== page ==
tneloms on October 23, 2013 at 2:53 PM

They could have just copied wwww.ehealthinsurance.com, integrated it with the government systems and been done.

Kill it.

Charlemagne on October 23, 2013 at 2:54 PM

But Prezzy Stompyfoot will NOT do this. It would be tantamount to saying the Repubs were right about the shutdown. Prezzy Stompyfoot has shown that he will do ANYTHING, including harming the American people to get his way.

neyney on October 23, 2013 at 2:54 PM

Too many “w’s”

Ehealthinsurance

Charlemagne on October 23, 2013 at 2:55 PM

Bring in Al Gore. He invented the Internet. He should be able to invent an Internet web site.

The Rogue Tomato on October 23, 2013 at 2:56 PM

Did the people that wrote HealthCare.gov previously work on the global warming models\simulations?

WashJeff on October 23, 2013 at 2:56 PM

CNN: Blowing up HealthCare.Gov and starting over still looking like their best option, say more tech experts

Why not? That’s exactly what Barky did with his Afghan Strategic Review (that he said took the Pentagon 6 months to finish and was, therefore, obsolete). In that, Barky sent the Pentagon back to do a second review – which took over 4 months – and then arbitrarily pulled his own numbers out of his azz, for which we then got the worst fatalities and casualties in Afghanistan since the beginning of the war and a deterioration fo our position there … not that the MSM reported any of that …

And just think of all the advantages for Barky and the America-hating left, another 3 years to build another web site that doesn’t work, meanwhile collecting the penalties taxes fines tribute tot he feral government while providing nothing. It’s a win-win for the feral government monstrosity!!

ThePrimordialOrderedPair on October 23, 2013 at 2:57 PM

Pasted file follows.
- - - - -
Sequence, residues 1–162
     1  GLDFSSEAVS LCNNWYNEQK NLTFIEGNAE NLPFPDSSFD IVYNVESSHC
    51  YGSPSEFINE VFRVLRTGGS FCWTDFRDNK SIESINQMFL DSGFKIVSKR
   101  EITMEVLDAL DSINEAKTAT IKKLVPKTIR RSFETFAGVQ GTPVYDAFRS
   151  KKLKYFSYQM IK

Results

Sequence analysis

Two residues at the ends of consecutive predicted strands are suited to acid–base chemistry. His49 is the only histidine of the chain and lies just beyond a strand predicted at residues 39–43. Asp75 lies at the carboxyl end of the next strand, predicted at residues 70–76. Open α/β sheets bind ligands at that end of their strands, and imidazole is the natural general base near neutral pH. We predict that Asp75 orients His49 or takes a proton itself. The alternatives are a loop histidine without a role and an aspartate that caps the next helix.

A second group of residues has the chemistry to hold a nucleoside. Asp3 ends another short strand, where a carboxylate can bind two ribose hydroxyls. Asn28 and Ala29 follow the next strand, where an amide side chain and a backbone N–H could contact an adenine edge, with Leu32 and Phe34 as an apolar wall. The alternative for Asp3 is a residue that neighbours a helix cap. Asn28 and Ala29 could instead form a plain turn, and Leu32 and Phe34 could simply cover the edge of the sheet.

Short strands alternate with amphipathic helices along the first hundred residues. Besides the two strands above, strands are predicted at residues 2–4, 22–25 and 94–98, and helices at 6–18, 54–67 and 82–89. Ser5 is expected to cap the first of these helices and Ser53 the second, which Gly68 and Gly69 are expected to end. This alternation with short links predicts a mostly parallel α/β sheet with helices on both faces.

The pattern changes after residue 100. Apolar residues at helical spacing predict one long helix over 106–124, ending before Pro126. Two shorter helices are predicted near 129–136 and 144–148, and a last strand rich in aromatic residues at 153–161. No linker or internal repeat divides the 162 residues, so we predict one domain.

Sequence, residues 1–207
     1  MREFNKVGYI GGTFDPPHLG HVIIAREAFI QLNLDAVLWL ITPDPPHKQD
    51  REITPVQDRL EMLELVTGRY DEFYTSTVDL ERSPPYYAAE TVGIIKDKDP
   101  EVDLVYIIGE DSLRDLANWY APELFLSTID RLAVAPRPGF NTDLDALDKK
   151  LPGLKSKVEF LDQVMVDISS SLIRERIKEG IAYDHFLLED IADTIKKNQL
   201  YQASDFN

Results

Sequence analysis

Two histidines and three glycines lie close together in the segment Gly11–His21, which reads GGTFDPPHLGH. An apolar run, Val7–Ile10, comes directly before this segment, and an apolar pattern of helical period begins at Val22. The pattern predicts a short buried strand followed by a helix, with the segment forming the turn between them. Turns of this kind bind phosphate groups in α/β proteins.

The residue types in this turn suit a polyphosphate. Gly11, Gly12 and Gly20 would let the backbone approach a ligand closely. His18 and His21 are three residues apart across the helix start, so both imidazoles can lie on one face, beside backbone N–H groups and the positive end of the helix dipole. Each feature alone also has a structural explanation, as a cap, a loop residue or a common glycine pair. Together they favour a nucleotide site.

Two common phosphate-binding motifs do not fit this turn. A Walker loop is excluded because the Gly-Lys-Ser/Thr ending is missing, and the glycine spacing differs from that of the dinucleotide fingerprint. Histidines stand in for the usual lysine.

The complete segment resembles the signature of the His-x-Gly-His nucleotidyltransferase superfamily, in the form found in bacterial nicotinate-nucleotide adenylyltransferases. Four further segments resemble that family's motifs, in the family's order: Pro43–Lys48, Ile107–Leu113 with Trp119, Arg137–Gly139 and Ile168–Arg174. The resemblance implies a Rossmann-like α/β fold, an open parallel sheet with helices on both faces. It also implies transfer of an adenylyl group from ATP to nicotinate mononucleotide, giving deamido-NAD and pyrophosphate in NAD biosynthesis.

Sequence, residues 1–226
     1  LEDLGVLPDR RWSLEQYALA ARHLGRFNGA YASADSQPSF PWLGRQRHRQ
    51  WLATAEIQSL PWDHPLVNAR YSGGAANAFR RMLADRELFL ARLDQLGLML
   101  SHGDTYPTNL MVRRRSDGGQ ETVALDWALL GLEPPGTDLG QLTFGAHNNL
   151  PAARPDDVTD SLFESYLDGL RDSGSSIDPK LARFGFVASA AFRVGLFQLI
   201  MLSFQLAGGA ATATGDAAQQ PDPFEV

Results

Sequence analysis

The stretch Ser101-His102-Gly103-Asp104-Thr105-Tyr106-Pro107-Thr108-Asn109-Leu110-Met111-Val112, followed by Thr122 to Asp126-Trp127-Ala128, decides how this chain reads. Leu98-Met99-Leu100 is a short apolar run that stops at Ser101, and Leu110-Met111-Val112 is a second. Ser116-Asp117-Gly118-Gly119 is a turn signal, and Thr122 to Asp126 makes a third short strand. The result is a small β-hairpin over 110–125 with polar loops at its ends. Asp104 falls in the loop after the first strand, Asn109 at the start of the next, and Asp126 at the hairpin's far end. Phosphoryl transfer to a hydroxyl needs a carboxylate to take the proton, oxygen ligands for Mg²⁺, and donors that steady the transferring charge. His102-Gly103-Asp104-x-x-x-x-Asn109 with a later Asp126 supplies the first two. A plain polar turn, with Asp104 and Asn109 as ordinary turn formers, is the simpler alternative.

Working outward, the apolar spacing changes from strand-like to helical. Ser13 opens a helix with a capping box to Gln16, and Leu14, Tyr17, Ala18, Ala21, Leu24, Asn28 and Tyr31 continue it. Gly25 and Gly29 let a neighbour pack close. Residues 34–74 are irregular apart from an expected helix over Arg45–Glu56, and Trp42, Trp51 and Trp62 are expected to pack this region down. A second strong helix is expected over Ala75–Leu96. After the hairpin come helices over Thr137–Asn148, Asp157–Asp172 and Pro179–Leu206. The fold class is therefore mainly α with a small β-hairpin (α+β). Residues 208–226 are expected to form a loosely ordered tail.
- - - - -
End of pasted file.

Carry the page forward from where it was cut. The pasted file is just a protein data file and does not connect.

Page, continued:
Implementing a “command and control economy” is much harder than many people thought.

mrjavascript on October 23, 2013 at 2:43 PM

They should have consulted Gorbachev and Deng about that.

kcewa on October 23, 2013 at 2:58 PM

So more than half a billion down the drain. This is worse than Solyndra. Defend this LiveFreeOffOther and LostMotherFluker!!

jawkneemusic on October 23, 2013 at 2:58 PM

The GOP should be out with a five- to ten-point plan to improve the healthcare and health insurance industries. NOW. Now that it’s clear Obama lied about the reduction of premiums, the reduction of deficits, and keeping plans and doctors, the GOP has people’s attention. Show how the solutions will solve problems. The one thing Obama never did was explain how all these magical things were going to happen. I’ll bet voters would be saying, “Why the phuck didn’t they do those things in the first place?”

And for crying out loud, why isn’t the GOP reminding Americans that Obama built this?

BuckeyeSam on October 23, 2013 at 2:58 PM

They better not ask me to pitch in any more tax dollars…

djl130 on October 23, 2013 at 2:58 PM

Why yes, that should do it. I suggest calling it The Great Leap Forward.

Drained Brain on October 23, 2013 at 2:58 PM

And what happens when the call centers are overwhelmed? Are people expected to sit on hold for hours? I can’t imagine that signing up for insurance is a quick 3 minute call? Even Geico needs 15 minutes to sign you up for car insurance.

kooly on October 23, 2013 at 2:45 PM

Have you been to a DMV office lately?
They don’t give a dam about how long YOU sit on hold….

dentarthurdent on October 23, 2013 at 2:59 PM

They should have consulted Gorbachev and Deng about that.

kcewa on October 23, 2013 at 2:58 PM